Think about it. You need seeds to grow plants, but then you need flowering plants to make fruit that holds the seeds. What came first? The seed or the plant?
And how do you grow seedless vegetables and fruit? Companies are actually creating plants that flower, and make seeds, but they aren’t viable. It’s a flowers job to reproduce and create lots of seed to ensure it continues to exist. Think dandelion. Does that make sense?
Long, long ago, in the Kingdom of Plantae, there first existed non-vascular (no xylem or phloem to transport water or food or roots) plants called Bryophytes (think mosses and liverworts). They reproduced with the help of water splashing male gametophytes to female gametophytes. Soon evolved Seedless Vascular Plants (plants with xylem and phloem) that reproduced by the production of thousands of spores that drop to the ground at the right time ( brown spots under leaves of ferns). Lastley, plants evolved into Seeded Vascular Plants producing seeds in cones (pine trees) and seeds in fruits of flowering woody and herbaceous plants (trees, shrubs, fruits, vegetables, flowers). Oversimplified, yes, but does it answer the question? Maybe.
Moss sp. showing reproductive organs.
While you contemplate on this, you need to get a jump on getting your seed catalogs if you haven’t already. Whether you are going to start seeds or not (I will teach you how later, so you might as well order some) the catalogs offer a lot of great cultural information. You can order seed catalogs or download them from the company’s website. While thumbing your way through, pay attention to container or climing tall varieties. They take up less space which is something you need to think about when planning your Urban Farmscapes. Look for seeds and seed companies that are certified organic. Starting with organic seed is the best choice. They should carry the standard logo on their label such as I have here.
Also look for heirloom, open pollinated seed. This way you will be able to collect seed to use for next year (I will teach you how to do that later too). Heirlooms are old fashioned varieties that pollinate freely and have been collected and saved over time. These would be the plants our grandparents and great grandparents grew. If you see a hybrid, sometimes called an F1 Hybrid, this means it is a cross between two or more other varieties. In flowers for example, if you cross a white petunia with a purple petunia, you may get striped white and purple petunias or lavender colored petunias. Is this bad? Nope. People have been creating hybrids throughout history trying to improve something about them. Tomatoes have been bred to last longer on the grocery store shelves, thus sacrificing flavor. Who wants a tomato that doesn’t taste good, but can sit on a shelf for a long time? Can you get organic F1 hybrid seed? Yes. But you won’t want to collect hybrid seed because the seed you may get could be the original variety that was crossed to get the hybrid. Make sense? Again, I am oversimplifying while trying to explain the world of plant genetics and seeds. Send me a question or comment if you want to discuss further.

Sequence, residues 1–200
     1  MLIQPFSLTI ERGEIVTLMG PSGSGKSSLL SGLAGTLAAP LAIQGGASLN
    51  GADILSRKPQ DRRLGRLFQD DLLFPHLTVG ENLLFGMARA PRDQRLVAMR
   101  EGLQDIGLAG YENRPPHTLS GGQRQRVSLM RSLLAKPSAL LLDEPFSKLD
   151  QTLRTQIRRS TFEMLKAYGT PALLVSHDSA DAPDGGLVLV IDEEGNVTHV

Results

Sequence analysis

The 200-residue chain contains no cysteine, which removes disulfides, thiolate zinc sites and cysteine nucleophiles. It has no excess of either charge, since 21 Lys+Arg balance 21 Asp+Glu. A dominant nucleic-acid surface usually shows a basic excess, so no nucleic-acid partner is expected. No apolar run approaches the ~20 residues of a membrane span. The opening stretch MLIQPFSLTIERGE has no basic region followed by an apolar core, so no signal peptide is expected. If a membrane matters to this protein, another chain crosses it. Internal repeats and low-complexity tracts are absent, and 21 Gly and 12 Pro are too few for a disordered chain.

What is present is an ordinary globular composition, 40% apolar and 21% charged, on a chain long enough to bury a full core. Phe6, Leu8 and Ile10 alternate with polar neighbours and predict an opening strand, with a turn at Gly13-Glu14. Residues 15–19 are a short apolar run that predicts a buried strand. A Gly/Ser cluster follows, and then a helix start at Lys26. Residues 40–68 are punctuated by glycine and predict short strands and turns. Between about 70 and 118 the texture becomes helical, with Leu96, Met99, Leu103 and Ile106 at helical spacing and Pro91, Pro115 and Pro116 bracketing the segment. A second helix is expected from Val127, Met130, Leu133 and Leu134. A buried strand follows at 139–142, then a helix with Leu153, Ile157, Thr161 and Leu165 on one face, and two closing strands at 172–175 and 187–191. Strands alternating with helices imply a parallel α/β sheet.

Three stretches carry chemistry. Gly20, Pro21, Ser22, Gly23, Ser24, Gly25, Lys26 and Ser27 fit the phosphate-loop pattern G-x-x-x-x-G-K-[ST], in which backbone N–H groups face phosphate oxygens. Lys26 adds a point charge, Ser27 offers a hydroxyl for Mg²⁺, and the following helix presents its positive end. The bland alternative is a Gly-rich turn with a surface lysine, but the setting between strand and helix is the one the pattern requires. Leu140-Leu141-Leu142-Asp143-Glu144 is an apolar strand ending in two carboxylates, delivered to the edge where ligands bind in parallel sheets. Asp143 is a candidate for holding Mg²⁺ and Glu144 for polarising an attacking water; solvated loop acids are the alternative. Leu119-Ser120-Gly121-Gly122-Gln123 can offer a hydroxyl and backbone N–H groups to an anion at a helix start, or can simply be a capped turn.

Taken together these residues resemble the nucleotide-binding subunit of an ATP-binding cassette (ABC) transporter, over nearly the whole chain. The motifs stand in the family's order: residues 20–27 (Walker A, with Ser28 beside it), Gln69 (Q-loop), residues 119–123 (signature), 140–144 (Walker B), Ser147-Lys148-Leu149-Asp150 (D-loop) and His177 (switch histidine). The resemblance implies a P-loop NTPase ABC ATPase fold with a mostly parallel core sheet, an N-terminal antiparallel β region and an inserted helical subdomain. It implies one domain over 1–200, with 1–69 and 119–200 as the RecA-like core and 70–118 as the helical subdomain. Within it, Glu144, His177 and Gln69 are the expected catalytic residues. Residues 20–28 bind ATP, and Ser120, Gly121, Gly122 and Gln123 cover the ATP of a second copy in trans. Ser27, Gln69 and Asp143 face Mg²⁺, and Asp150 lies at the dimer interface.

I have become obsessed with growing heirloom varieties and collecting seed, but still need (well, want, maybe not need) seed each year. Here are a few of my favorite seed companies.
Johnny’s Selected Seeds offers a large selection of organic and heirloom vegetable, herb, and flower seeds as well as fruit plants. They also carry small farm and gardening supplies,along with tools designed by Eliot Coleman. Great quality and service in business since 1973. The employee owned company is located in Maine. The best resource I have found so far for cultural information. You will save this catalog and use as a reference! Awesome online resources. In my garden I will be growing many peppers that are recommended by Johnny’s for containers, along with many other yummy things. Johnny’s has been my favorite seed source for as long as I have been gardening.
www.johnnyseeds.com (877) 564-6697
www.rareseeds.com (417) 924-8917
While I’m on the subject of heirloom and open pollinated seeds, check out Seed Savers Exchange. I would definitely have to agree with them as being the nation’s premier seed saving organization. Located in Decorah, Iowa since 1975, they are a seed saving non-profit member organization collecting and selling seed to help fund their preservation efforts. I have always wanted to visit their Heritage Farm headquarters or attend one of their special events. If you don’t want to start your own seed, then you could opt to buy transplants from them. They grow and sell several heirloom pepper transplants as well as heirloom tomato varieties like Cherokee Purple and Hungarian Heart. These won’t be at any garden center I know of. You don’t have to be a member to order from their catalog, but if you do become a member, you will receive 10% off of your order!
www.seedsavers.org (563) 382-5990
Seeds of Change. Located in New Mexico, probably one of the first organic seed companies in business since 1989. They have taken the Safe Seed Pledge and donate 1% of their net sales to advance the efforts of sustainable agriculture across the world. A very philanthropic company. They have identified vegetable varieties for “Space Challenged Gardening” which is what most of us Urban Farmscapers are dealing with.
www.seedsofchange.com (888) 762-7333
Peaceful Valley Farm Supply. Based in California. Organic seeds, plants, tools and fun gardening stuff. You can even get 10 Fruit Trees delivered for $199 ! That is, if you have room. I planted four varieties of garlic and one type of shallot this past autumn that I ordered as a Garlic Combo Pack. If you want to grow garlic, keep in mind that you plant it in the autumn.
www.groworganic.com (888) 784-1722
Order your seeds soon to make sure you get the variety you want. Soon I will guide you through successful seed starting indoors!